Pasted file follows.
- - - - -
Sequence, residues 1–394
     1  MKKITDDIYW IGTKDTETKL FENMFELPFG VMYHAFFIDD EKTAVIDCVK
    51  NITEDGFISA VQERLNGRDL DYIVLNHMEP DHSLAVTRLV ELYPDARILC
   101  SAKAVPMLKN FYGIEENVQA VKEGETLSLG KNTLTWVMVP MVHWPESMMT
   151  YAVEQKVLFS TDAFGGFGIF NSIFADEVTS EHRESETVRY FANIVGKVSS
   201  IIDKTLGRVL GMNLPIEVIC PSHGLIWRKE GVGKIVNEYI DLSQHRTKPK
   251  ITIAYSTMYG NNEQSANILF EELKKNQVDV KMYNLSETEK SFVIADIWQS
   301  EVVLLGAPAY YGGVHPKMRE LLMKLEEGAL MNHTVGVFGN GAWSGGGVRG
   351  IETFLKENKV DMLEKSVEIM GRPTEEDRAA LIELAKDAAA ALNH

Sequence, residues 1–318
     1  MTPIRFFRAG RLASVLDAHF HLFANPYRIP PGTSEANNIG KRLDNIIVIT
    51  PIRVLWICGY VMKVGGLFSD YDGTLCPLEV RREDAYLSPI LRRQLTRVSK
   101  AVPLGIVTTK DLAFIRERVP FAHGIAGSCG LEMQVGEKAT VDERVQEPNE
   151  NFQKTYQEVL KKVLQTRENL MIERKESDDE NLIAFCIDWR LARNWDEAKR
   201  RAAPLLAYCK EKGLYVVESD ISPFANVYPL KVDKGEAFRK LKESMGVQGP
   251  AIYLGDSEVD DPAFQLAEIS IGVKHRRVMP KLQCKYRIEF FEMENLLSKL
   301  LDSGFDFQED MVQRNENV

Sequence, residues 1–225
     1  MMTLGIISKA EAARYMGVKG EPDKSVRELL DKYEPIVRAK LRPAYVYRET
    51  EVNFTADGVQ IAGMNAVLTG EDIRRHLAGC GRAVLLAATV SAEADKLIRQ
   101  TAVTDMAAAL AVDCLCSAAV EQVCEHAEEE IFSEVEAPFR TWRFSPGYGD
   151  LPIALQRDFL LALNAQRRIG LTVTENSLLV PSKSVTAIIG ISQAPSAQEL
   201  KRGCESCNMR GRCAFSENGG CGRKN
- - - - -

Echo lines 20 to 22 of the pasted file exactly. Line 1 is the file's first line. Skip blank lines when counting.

    51  EVNFTADGVQ IAGMNAVLTG EDIRRHLAGC GRAVLLAATV SAEADKLIRQ
   101  TAVTDMAAAL AVDCLCSAAV EQVCEHAEEE IFSEVEAPFR TWRFSPGYGD
   151  LPIALQRDFL LALNAQRRIG LTVTENSLLV PSKSVTAIIG ISQAPSAQEL